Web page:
|List of years in British television (table)|
| … 1958 . 1959 . 1960 . 1961 . 1962 . 1963 . 1964 …|
1965 1966 1967 -1968- 1969 1970 1971
… 1972 . 1973 . 1974 . 1975 . 1976 . 1977 . 1978 …
This is a list of British television related events from 1968.
- 1 January – The Colour television licence is introduced when a £5 "colour supplement" is added to the £5 monochrome licence fee, therefore making the cost of a colour licence £10.
- 4 February – The cult series The Prisoner finishes its first run on British television.
- 6 April – The 13th Eurovision Song Contest is held at the Royal Albert Hall in London. Spain wins the contest with the song "La, la, la", performed by Massiel. This year marks the first time the event is broadcast in colour, with several European countries transmitting the event in colour. Because BBC1 does not yet broadcast in colour, BBC2 airs an encore edition of the show in colour the following day.
- 20 April – Conservative MP Enoch Powell makes his infamous Rivers of Blood speech about immigration and anti-discrimination legislation in the United Kingdom. The speech is made at the Midland Hotel in Birmingham to a meeting of the Conservative Political Centre at 2:30 pm. The Birmingham-based television company ATV saw an advance copy of the speech that morning, and its news editor ordered a television crew to go to the venue, where they filmed sections of the speech. The speech provokes great outcry among the British public, making Powell one of the most popular and loathed politicians in the country, and leading to his dismissal from the Shadow Cabinet by Conservative party leader Edward Heath.
- 4 May – Mary Hopkin performs on the British TV show Opportunity Knocks. Hopkin catches the attention of model Twiggy, who recommends her to Beatle Paul McCartney. McCartney soon signs Hopkin to Apple Records.
- 20 May – Harlech (which became HTV in 1970) starts its dual service for Wales and the West Country, replacing the interim ITSWW, which had replaced TWW on 4 March.
- 28 July – Final day on air for ABC which had broadcast to the North and Midlands regions during weekends. The 1968 Contract Round sees the end of weekend franchises in these regions. From the following day, Granada and ATV broadcast seven days a week. The North is split into two regions with Granada broadcasting to the North West and Yorkshire Television broadcasting to the Yorkshire region. It is also the last day on air for ATV London which lost its weekend franchise to the newly formed London Weekend Television.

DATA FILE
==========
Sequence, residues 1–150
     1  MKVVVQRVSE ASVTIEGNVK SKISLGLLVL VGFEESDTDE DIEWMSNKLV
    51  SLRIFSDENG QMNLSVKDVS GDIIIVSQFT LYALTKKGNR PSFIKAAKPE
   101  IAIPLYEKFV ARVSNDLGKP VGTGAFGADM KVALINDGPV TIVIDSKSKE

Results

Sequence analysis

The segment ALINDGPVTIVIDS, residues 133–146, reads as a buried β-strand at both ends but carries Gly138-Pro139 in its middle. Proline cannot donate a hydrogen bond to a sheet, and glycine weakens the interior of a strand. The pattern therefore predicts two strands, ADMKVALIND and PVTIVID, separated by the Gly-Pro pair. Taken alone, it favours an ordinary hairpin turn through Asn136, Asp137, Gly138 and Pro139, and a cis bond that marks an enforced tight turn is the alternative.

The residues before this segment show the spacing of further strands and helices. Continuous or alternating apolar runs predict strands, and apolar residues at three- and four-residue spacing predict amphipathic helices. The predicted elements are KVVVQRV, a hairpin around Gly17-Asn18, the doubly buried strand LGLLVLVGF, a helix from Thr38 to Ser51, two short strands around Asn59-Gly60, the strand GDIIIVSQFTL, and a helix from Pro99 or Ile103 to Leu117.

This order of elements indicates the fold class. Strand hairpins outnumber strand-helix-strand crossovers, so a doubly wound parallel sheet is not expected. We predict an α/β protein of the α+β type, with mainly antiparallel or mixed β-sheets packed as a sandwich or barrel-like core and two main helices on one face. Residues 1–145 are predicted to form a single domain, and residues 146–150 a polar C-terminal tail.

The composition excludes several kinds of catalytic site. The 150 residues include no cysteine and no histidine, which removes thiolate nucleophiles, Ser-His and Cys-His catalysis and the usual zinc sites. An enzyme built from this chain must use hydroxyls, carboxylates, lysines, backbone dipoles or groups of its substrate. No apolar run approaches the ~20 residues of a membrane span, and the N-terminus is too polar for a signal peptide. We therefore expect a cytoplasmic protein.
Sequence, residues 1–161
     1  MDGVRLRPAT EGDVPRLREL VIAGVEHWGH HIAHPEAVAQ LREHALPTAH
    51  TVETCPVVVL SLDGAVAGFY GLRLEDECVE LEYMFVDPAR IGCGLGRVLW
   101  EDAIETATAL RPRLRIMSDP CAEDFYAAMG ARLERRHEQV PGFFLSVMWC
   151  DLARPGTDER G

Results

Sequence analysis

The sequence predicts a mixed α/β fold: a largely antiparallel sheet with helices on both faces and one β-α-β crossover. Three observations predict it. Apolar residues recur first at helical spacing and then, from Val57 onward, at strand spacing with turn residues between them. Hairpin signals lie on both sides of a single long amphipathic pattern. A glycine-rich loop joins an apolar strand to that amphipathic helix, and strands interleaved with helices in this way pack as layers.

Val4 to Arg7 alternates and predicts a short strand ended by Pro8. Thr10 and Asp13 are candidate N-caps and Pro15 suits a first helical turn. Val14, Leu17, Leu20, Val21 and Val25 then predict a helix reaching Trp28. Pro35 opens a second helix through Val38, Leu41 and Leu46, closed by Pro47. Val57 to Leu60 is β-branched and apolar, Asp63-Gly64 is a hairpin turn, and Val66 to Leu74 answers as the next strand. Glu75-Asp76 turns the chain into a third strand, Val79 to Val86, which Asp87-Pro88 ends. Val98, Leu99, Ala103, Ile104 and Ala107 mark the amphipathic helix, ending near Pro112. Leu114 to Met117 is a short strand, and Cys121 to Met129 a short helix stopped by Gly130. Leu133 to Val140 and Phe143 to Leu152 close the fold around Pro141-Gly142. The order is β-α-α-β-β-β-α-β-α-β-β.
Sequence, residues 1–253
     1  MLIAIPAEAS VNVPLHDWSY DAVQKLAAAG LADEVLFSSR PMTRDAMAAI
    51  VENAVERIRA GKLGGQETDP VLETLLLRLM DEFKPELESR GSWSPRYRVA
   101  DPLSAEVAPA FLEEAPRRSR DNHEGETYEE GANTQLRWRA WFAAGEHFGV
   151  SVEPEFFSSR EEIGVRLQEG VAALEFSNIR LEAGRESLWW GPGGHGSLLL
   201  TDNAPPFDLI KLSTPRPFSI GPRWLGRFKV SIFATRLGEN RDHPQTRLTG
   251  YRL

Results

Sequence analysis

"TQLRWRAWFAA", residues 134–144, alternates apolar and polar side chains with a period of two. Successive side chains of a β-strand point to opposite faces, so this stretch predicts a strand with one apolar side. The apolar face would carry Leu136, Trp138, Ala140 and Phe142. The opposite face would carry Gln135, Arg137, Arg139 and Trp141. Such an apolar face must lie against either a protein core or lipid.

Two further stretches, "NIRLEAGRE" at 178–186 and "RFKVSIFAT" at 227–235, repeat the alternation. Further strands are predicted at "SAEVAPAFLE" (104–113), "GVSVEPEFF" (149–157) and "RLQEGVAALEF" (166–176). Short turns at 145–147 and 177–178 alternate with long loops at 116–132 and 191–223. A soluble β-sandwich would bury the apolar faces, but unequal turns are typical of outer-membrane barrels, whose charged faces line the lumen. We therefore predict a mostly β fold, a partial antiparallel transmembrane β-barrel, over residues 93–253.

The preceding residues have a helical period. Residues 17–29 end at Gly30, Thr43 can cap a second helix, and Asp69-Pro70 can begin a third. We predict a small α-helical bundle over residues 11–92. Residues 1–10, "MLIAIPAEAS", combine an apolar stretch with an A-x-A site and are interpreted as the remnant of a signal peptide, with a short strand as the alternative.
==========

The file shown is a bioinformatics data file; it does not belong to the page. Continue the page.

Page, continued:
- 29 July – ATV begins broadcasting seven days a week in the Midlands, while Granada begins broadcasting seven days a week to the North West and Yorkshire Television does likewise in its newly created region.
- 30 July – Thames Television goes on air, having taken over the ITV London weekday franchise from Rediffusion, London. Thames is a result of a merger between ABC and Rediffusion, ABC having been awarded the London weekday franchise.
- 30 July – Magpie premieres on ITV.
- 31 July – Popular sitcom Dad's Army begins its nine-year run on BBC1.
- 2 August – London Weekend Television takes over the ITV London weekend franchise from ATV London. They went on air initially using the name London Weekend Television but then adopted the name London Weekend before reverting to London Weekend Television (often abbreviated to LWT) in 1978.
- August – Independent Television technicians strike immediately after the 1968 franchise changes, causing a national stoppage. The individual companies are off the air for several weeks and an emergency service is established. The ITV Emergency National Service is presented by management personnel with no regional variations. This was the first time that a uniform presentation practice was adopted across all regions.
|This section is empty. You can help by adding to it.|
- 4 April – Freewheelers (1968–1973)
- 30 July – Magpie (1968–1980)
- 15 August – Nearest and Dearest (1968–1973)
- 21 September – Strange Report (1968–1969)
- 24 September – How We Used To Live (1968–2002)